It makes no difference to me who wins the SNP leadership contest because all three candidates threaten to crash the Scottish economy to pursue independence. But in the meantime the drama is a distraction from a seriously bad policy which will affect us all.
The ill-conceived deposit return scheme, the 20p charge on every can, bottle or single-use plastic drinks container is an immediate threat to the economy because it starts August with minimal detail about how it will work.
But businesses already know it will be a disaster and it's quite extraordinary to launch a scheme amidst the cost-of-living crisis which will put the price of a six-pack of lemonade up by £1.20.
If proof was needed about this administration’s lack of care about Scotland’s economy, this is it, a scheme which remains an utter shambles despite years to prepare, and the Scottish Retail Consortium, the Scottish Hospitality Group and even senior SNP politicians are demanding the minister responsible, Greens co-leader Lorna Slater, calls a halt.
One highly successful online drinks company in Edinburgh contacted me to say they will need to cease trading in Scotland and lay off scores of staff. It is, he said, “an ill-thought-out scheme which will put drinks producers out of business. Lorna Slater bragged about creating 60 jobs, but even in our specific case it is threatening to remove 122 jobs from Scotland and an estimated £10m per year from the economy.”
Another Edinburgh business has been writing to Ms Slater for six months and has yet to receive a reply. He has also drawn a blank from his constituency MSP Ash Regan, who is presumably too busy with her bid to become the next SNP leader to worry about an employer in her patch going bust.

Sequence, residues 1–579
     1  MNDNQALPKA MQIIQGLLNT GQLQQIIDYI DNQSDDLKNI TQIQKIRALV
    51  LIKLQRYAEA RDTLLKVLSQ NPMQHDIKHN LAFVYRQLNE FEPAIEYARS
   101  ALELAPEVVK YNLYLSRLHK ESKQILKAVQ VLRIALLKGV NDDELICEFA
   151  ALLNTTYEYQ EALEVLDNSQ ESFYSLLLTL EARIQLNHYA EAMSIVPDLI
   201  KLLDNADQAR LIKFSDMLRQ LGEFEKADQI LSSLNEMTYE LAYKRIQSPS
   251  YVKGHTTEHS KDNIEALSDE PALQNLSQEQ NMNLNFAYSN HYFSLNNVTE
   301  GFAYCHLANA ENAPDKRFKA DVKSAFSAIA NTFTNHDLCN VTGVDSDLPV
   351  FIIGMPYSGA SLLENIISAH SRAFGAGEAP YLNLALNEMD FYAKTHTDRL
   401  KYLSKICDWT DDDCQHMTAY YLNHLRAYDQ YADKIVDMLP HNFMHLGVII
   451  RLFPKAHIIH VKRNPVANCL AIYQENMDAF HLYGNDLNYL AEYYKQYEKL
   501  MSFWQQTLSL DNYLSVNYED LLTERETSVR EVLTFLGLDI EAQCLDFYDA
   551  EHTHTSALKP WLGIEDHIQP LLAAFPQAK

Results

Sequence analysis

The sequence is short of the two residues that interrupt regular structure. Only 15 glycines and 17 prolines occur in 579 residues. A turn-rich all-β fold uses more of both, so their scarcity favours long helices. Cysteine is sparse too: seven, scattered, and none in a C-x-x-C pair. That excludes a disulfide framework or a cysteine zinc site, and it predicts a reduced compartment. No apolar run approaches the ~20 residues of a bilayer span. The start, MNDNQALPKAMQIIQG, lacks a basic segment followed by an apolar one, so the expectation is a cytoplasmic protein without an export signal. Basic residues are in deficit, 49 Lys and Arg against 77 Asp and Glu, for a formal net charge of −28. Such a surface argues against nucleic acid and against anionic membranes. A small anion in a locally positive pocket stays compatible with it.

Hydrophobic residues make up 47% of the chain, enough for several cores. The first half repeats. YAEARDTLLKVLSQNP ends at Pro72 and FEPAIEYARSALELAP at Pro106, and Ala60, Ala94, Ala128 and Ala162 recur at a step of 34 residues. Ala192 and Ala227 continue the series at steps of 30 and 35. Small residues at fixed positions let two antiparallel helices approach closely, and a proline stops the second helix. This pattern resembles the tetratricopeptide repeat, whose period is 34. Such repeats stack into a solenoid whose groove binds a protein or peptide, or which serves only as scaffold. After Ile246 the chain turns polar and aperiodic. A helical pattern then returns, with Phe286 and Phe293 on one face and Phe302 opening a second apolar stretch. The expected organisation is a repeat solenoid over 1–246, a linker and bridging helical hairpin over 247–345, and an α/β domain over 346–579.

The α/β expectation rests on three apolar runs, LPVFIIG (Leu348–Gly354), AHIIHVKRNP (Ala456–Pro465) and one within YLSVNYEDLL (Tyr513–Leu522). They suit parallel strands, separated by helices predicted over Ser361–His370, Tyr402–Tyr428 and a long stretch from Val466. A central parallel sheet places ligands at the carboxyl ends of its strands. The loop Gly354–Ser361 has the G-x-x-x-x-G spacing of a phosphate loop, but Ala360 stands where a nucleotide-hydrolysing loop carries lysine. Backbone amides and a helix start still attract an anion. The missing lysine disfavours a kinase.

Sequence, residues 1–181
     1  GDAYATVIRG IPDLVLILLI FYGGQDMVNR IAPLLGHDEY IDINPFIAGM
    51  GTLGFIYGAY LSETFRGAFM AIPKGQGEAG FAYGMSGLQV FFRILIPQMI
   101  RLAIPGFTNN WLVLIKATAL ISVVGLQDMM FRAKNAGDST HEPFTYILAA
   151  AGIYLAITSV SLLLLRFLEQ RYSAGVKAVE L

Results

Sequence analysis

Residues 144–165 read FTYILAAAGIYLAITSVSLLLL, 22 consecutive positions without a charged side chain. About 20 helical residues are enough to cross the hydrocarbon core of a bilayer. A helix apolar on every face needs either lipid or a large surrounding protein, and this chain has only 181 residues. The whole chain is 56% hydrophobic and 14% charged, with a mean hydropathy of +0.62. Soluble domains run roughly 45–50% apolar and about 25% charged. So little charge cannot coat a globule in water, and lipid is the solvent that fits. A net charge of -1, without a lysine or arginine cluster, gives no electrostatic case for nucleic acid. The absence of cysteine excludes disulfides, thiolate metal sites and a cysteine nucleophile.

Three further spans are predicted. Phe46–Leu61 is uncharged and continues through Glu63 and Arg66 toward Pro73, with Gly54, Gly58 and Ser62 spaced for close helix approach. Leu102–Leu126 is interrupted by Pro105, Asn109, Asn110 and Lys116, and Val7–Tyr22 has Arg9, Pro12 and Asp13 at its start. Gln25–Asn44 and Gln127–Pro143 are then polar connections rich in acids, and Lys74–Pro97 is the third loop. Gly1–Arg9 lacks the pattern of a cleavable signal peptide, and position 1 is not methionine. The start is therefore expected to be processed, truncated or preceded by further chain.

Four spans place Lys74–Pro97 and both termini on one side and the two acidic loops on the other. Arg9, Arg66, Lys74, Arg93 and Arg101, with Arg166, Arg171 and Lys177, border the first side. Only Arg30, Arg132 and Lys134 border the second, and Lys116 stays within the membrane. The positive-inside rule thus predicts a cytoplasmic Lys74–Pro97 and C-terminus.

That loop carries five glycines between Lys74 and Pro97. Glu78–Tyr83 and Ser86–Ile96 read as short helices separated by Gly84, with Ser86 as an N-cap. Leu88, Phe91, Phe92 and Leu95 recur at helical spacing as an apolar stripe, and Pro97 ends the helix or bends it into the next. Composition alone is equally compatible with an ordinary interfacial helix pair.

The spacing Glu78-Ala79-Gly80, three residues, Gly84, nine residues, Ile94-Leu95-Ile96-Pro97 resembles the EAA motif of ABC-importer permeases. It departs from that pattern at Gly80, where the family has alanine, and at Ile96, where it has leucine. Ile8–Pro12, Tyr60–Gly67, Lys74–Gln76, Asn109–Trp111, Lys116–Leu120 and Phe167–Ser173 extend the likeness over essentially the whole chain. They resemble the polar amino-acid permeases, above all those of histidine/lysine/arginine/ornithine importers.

“It is very clear to anyone who digs into the detail that this scheme is not fit for small enterprises, was not constructed with them in mind, and places them in huge jeopardy,” he wrote.
Six months to go and these businesses don’t know what the true cost will be, yet they must sign up now or face closure, their concerns dismissed by an SNP-Green administration which never misses an opportunity to play to the extremist gallery.
These businesses are not crying wolf, but according to another Green MSP, Mark Ruskell, it is all down to “opportunistic political attacks,” and those nasty Tories undermining confidence in their wonderful scheme.
“They are less concerned about the environment than they are about party politics,” he said, as if that’s how a director decides 120 colleagues should be made redundant.
The tragedy is the businesses all believe in recycling, but they need a workable system, not the dog’s breakfast with which they are blithely expected to cope. “Retrain your staff,” an increasingly haughty Ms Slater told desperately worried business owners this week.
A recycling scheme can work if properly planned and the only reason for not pausing to fix the problems is a childish race to be the first in the UK. Germany’s scheme was successful because all those involved worked together but the SNP-Green axis prefer imposition to cooperation.
Whoever becomes First Minister needs to intervene before hundreds of people lose their livelihoods and all of us are stung.